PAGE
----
Lostprophets, Weapons. Album Review.
Weapons was probably as apt a title for the fifth Lostprophets studio album as was possible or conceivable to bring to the table when the group discussed what to call it. Each track delivering an intentional Welsh lyrical tirade that pounds away on the speakers and gets the blood pumping which leads to a climax of destruction and incredible power that will no doubt divide the fan base as well as the critics.
The messages that are prevalent throughout the album and the majority of songs is reminiscent to The Alarm’s phenomenal debut album Declaration. Although nearly 30 years separate the two albums, the sense of national identity and personal isolation is stamped throughout. The only thing that stops it from being an album of Welsh warmth and fire is that the band still seem to prefer to have the Hollywood sound that comes from wanting to have one foot in the Welsh Valleys but also doing their best to appeal to the American market.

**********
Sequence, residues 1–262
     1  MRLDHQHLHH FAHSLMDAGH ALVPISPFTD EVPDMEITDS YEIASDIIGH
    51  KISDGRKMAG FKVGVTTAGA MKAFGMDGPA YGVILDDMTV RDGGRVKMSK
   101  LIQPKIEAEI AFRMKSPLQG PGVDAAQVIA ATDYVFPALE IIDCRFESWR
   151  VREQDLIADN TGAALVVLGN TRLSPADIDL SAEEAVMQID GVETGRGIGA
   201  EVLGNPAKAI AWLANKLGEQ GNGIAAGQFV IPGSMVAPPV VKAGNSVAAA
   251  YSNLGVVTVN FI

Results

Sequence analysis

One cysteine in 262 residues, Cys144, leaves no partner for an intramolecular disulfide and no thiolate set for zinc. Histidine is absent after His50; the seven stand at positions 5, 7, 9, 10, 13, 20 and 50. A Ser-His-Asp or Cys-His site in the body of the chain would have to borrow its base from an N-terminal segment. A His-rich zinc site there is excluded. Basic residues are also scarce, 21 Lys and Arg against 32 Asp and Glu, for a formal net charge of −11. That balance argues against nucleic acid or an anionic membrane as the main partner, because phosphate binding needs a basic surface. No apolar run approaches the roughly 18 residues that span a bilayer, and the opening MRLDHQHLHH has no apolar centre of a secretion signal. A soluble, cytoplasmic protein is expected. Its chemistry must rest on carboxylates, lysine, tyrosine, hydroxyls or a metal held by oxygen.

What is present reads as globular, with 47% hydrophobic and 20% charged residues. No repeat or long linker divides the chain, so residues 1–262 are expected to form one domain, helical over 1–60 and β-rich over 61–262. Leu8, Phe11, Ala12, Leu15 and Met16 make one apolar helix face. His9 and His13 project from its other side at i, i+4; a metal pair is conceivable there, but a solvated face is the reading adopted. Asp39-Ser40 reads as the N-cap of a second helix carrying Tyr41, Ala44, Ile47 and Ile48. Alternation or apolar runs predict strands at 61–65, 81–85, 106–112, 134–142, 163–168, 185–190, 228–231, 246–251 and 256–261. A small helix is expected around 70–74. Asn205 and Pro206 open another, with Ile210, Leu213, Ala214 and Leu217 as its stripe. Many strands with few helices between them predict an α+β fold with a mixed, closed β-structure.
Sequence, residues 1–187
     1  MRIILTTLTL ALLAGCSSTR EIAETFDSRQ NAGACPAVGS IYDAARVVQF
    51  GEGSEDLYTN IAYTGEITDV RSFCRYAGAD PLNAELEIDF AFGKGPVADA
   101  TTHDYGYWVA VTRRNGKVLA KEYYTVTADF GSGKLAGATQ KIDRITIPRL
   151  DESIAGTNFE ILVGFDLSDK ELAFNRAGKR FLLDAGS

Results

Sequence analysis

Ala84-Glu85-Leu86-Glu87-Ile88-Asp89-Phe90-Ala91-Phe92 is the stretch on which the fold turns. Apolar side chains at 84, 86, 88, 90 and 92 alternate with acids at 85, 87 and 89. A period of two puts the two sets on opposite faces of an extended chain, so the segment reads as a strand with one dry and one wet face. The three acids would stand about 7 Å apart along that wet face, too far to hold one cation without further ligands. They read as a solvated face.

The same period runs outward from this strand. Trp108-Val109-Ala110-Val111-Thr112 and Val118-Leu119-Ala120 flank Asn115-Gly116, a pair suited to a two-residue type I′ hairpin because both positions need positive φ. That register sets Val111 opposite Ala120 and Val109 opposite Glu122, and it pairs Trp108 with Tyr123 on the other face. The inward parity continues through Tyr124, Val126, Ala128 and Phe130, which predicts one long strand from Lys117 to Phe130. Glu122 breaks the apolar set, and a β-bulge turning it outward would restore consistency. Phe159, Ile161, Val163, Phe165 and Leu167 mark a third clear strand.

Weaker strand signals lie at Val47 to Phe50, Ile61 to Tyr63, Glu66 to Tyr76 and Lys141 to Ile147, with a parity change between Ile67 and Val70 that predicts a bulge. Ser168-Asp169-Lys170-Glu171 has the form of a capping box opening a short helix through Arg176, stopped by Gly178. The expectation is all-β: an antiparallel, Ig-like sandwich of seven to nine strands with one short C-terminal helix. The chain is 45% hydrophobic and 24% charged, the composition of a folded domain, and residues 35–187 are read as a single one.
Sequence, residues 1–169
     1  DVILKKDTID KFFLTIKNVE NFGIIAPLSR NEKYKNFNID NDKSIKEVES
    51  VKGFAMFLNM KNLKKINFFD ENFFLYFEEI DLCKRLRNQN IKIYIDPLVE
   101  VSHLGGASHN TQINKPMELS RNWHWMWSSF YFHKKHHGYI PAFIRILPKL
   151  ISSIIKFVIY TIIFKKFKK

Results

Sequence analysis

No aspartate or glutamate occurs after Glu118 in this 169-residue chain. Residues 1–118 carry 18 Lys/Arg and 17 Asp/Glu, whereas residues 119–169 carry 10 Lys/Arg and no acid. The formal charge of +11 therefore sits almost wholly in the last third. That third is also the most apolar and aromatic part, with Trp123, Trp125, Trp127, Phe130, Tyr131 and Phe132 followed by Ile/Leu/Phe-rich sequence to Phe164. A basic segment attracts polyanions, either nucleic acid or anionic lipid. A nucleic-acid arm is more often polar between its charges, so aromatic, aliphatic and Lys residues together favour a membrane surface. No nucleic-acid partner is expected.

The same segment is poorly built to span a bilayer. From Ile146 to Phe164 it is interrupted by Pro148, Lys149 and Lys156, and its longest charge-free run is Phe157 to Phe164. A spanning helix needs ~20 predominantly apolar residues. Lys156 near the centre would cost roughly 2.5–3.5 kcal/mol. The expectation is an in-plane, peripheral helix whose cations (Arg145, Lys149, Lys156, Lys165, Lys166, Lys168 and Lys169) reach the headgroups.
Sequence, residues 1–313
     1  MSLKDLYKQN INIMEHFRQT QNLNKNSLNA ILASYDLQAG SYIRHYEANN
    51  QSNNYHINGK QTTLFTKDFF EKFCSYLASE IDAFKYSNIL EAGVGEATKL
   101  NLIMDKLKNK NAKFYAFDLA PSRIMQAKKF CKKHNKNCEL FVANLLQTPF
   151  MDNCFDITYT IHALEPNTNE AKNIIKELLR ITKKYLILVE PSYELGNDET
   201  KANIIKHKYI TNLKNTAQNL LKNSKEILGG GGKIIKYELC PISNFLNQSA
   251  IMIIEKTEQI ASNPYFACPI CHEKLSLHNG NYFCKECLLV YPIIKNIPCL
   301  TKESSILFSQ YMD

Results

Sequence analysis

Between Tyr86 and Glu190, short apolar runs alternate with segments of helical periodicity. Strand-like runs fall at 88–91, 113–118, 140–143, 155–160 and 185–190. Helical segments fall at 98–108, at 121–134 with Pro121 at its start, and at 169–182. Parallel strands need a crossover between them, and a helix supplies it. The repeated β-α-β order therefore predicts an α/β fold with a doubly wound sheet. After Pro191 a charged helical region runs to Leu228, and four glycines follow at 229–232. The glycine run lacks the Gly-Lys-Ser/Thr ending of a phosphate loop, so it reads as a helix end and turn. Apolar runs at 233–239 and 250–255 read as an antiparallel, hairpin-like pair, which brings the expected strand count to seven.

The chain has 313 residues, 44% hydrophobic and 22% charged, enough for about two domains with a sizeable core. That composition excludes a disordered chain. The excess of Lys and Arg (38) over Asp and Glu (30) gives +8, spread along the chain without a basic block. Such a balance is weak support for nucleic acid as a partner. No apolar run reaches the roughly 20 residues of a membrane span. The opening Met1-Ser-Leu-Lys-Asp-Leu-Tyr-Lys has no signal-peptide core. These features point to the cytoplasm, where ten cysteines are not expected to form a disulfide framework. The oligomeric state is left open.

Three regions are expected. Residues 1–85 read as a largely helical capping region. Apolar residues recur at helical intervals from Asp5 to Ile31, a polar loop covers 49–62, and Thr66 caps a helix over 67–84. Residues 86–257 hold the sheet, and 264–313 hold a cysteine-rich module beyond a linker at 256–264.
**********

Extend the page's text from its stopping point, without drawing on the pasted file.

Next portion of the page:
This may be a reaction to the fourth album The Betrayed not being released in North America, either way a decision needs to be made by the sextet. Not there is anything wrong with that at all, however the members of the band that make up this very superb group could do worse than come home and take up the mantle that the Manic Street Preachers have held with honour for the last 20 years.
The album is full of songs that stand testament to this, including the incredible We Bring An Arsenal, the single Bring ‘Em Down and the gripping Jesus Walks. As all the songs are written by vocalist Ian Watkins, there is cohesion, a binding of the tracks that work well and it is with great anticipation to see how the audiences react to this wonderful album when they tour soon.
Weapons is an excellent album and it seems that the band are finally ready to join the likes of the Manic Street Preachers and The Alarm in bringing songs to the table that have finally reached a more mature audience and away from the “twee” that was an undercurrent in previous offerings.
Ian D. Hall